Can You Get Heartworms From Your Dog?

Adopting a dog is one of the most memorable moments in every pet parent’s life. Irrespective of whether you’ve had pets earlier or the breed you select, having a dog at home can change your life. They can help you deal with feelings of grief, loss, and loneliness. Also, family dogs are known to have a positive impact on your physical and mental wellbeing.

Nevertheless, adopting a dog also comes with its own set of stumbling blocks. Firstly, it’s taking care of your dog is a serious responsibility that isn’t everyone’s cup of tea. Taking your dog out for walks, feeding and grooming them, monitoring their health – these are just some of the responsibilities you’ll have to fulfill to take care of your canine friend.

Not to mention, many pets often bring a ton of health risks such as parasitic infections and fur allergies. If you’ve ever talked to someone about bringing home a dog, they’ll likely have warned you about various diseases and infections. One such common belief is that you can get heartworm disease from a dog.

In this blog, we’ll delve deeper into this topic and find out whether it is possible for humans to get infected with heartworms. We’ll also find out what you can do to prevent heartworm infection in your dog. Let’s get started.

 

What is Heartworm?

Heartworm or dog heartworm, scientifically known as Dirofilaria immitis, is a thread-like parasitic roundworm. It’s typically spread from one host to another through mosquito bites. It’s called a “heartworm” because in certain pets, such as dogs, adult worms can block the pulmonary artery and other blood vessels. The condition is known as dirofilariasis. This, in turn, causes severe ailments including heart disease, lung damage, and organ failure.  

 

How Is Heartworm Disease Transmitted?

First things first – your dog’s bodily fluids, excreta, or saliva can’t directly infect you with heartworms. Better still, the chances of humans contracting heartworm disease are extremely minimal. In fact, between 1941 and 2005, there were only 81 reported cases of heartworm disease in humans. Even if you get infected with heartworm microfilariae, they’ll typically die while making their way through your skin.

The only way heartworms can enter your bloodstream is through a mosquito bite. And that too, only if the mosquito has previously fed on a host animal whose bloodstream is infected with heartworm larvae. Typically, when a mosquito feeds on an infected animal, heartworms present in their blood enter the mosquito’s body and reproduce in its gut.

If such a mosquito bites you, the heartworm larvae or microfilariae are transmitted to your blood through your skin. However, most microfilariae don’t make it inside all the way to your bloodstream. This makes it difficult for heartworms to completely mature in a human host. This, in turn, drastically reduces the risk of heartworm disease in humans.

 

Heartworm Disease in Humans: Is There a Possibility?

However, when heartworm larvae die inside your body, it can cause inflammation in certain organs. Think of it as your body’s mechanism to fight the parasite. This condition, called pulmonary dirofilariasis, often results in the formation of modules in your lungs. In most cases, these nodules are benign and can be detected with an X-ray or CT scan.

Typical symptoms of pulmonary dirofilariasis include:

  • Coughing up blood
  • Chest pain
  • Wheezing
  • Fever chills

In some cases, there might also be fluid buildup around the lungs. The good news is that you don’t need any surgical intervention or medicines to treat this condition. It’s just your body’s defense mechanism reacting to the heartworm larvae. The symptoms usually don’t persist for too long either.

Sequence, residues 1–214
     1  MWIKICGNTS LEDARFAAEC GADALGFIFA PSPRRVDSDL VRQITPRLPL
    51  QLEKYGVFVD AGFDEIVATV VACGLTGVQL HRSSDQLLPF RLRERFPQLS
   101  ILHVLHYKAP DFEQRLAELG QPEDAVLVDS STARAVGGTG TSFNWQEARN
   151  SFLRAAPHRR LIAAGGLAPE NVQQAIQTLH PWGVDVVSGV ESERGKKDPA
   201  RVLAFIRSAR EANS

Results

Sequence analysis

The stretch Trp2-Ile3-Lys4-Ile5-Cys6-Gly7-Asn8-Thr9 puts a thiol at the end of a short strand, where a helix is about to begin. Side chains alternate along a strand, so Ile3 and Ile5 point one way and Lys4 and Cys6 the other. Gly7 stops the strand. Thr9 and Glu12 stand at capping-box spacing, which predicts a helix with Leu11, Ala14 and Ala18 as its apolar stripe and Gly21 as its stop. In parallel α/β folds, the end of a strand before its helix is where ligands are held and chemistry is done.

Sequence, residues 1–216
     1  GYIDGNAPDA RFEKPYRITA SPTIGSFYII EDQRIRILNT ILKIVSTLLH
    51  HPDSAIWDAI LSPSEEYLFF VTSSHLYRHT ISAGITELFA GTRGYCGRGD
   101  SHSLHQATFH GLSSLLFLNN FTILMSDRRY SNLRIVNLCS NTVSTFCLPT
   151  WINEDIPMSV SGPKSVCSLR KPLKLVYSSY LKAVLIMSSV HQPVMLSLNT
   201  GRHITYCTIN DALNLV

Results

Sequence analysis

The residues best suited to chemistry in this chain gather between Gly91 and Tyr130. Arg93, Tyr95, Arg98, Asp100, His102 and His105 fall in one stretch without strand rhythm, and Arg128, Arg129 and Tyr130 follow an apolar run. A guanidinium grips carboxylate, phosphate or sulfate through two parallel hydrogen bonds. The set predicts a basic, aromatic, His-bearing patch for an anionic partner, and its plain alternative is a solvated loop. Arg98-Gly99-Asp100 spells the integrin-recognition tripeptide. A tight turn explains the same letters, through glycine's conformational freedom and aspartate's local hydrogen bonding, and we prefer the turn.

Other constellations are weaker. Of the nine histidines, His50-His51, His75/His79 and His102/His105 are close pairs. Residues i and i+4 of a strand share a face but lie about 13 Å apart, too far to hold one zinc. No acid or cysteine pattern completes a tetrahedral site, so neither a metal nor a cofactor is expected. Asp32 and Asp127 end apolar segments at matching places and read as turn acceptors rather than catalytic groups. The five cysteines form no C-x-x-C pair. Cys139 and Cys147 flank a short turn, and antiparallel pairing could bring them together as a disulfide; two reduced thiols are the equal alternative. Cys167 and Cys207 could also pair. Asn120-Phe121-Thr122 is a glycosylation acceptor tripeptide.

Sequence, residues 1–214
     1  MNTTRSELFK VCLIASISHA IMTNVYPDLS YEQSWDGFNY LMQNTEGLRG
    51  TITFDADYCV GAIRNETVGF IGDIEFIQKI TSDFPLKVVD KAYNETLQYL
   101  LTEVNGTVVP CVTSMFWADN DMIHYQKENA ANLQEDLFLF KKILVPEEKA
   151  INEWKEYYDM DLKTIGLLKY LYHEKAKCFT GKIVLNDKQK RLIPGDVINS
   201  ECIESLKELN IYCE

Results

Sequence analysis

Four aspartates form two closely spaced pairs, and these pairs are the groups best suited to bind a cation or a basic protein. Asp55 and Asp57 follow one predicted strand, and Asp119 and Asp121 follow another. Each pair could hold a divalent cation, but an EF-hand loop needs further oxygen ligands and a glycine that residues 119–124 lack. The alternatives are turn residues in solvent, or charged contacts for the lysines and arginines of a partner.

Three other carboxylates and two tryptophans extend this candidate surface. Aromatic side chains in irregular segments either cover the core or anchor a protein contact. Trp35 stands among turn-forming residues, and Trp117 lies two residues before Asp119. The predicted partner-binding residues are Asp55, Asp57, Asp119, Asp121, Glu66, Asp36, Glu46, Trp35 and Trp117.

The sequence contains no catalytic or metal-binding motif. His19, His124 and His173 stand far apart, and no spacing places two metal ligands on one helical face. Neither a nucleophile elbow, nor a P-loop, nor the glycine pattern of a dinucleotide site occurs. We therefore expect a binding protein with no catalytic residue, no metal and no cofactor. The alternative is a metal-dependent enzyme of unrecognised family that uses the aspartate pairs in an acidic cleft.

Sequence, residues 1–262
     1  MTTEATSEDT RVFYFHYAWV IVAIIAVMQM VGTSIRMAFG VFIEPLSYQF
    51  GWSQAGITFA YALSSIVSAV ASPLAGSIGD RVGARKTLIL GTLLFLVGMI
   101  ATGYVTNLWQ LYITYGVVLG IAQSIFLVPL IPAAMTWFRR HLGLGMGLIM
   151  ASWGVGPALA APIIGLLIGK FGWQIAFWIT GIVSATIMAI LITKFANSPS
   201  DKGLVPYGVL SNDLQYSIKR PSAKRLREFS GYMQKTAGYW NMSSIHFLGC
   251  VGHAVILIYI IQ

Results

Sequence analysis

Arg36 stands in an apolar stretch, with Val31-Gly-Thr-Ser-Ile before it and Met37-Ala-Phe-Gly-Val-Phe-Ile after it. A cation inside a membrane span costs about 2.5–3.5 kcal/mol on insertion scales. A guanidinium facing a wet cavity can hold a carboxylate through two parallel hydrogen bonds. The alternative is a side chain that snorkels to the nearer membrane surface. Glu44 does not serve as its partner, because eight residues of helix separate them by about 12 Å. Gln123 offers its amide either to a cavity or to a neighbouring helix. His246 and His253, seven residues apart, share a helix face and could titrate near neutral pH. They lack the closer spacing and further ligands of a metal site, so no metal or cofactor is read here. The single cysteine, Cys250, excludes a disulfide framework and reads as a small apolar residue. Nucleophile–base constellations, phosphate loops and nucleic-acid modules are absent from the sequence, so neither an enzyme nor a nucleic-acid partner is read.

It is, however, important to consult a doctor and find out whether any of the nodules are blocking your arteries. Your doctors will also prescribe medication to help relieve the symptoms.

 

What Dog Parents Really Need to Prioritize

While the risk of heartworm disease in humans is almost negligible, the same isn’t true for your four-legged companion. Unlike humans, a dog’s body isn’t designed to kill heartworm larvae as they enter the bloodstream. When the larvae mature into adult worms inside a dog’s body, they can cause severe complications including artery blockages and organ damage.

Here a few symptoms you should watch out for:

  • Persistent cough (with the occasional presence of blood)
  • Exhaustion
  • Panting
  • Fainting
  • Excessive weight loss

Make sure you immediately get in touch with your veterinarian if you observe any of these symptoms in your dog. They’ll most likely prescribe an FDA-approved arsenic-containing drug such as Immiticide and Diroban. It’ll help kill the parasite present inside the dog’s body.

It’s also a good idea to give your dog preventive medicines such as Heartguard Plus chewables and tablets to reduce the risk of heartworm disease. However, make sure you get in touch with your vet and ask them to prescribe the right dosage.

 

To sum it up, it’s impossible for humans to contract heartworm disease directly from dogs. The parasitic worms can only be transmitted through an intermediate host like mosquitoes. Also, the human body is well equipped to fight heartworm larvae as soon as they start entering the bloodstream. However, if you have a pet dog, you need to take the right preventive measures to protect them from heartworm disease.

 

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HealthStatus teams with authors from organizations to share interesting ideas, products and new health information to our readers.

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HealthStatus teams with authors from organizations to share interesting ideas, products and new health information to our readers.

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